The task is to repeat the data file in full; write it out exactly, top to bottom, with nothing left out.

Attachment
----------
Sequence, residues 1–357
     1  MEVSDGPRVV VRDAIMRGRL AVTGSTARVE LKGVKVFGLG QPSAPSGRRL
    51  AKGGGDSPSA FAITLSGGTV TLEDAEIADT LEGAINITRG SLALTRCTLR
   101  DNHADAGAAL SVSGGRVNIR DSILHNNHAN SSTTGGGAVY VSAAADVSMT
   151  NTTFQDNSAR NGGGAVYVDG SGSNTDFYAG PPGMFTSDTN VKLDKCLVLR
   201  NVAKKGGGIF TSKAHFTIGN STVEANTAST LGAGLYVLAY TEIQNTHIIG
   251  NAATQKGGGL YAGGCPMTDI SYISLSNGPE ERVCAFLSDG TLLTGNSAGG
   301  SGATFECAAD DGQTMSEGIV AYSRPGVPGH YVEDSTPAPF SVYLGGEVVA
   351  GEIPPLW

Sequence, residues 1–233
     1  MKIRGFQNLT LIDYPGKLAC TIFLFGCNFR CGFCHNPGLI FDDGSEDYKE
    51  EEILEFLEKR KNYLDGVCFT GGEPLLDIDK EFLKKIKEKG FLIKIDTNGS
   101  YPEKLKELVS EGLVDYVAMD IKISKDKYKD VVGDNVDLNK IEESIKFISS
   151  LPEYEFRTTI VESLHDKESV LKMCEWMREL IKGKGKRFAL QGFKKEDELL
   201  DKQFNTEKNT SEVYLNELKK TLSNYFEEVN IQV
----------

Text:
Sequence, residues 1–357
     1  MEVSDGPRVV VRDAIMRGRL AVTGSTARVE LKGVKVFGLG QPSAPSGRRL
    51  AKGGGDSPSA FAITLSGGTV TLEDAEIADT LEGAINITRG SLALTRCTLR
   101  DNHADAGAAL SVSGGRVNIR DSILHNNHAN SSTTGGGAVY VSAAADVSMT
   151  NTTFQDNSAR NGGGAVYVDG SGSNTDFYAG PPGMFTSDTN VKLDKCLVLR
   201  NVAKKGGGIF TSKAHFTIGN STVEANTAST LGAGLYVLAY TEIQNTHIIG
   251  NAATQKGGGL YAGGCPMTDI SYISLSNGPE ERVCAFLSDG TLLTGNSAGG
   301  SGATFECAAD DGQTMSEGIV AYSRPGVPGH YVEDSTPAPF SVYLGGEVVA
   351  GEIPPLW

Sequence, residues 1–233
     1  MKIRGFQNLT LIDYPGKLAC TIFLFGCNFR CGFCHNPGLI FDDGSEDYKE
    51  EEILEFLEKR KNYLDGVCFT GGEPLLDIDK EFLKKIKEKG FLIKIDTNGS
   101  YPEKLKELVS EGLVDYVAMD IKISKDKYKD VVGDNVDLNK IEESIKFISS
   151  LPEYEFRTTI VESLHDKESV LKMCEWMREL IKGKGKRFAL QGFKKEDELL
   201  DKQFNTEKNT SEVYLNELKK TLSNYFEEVN IQV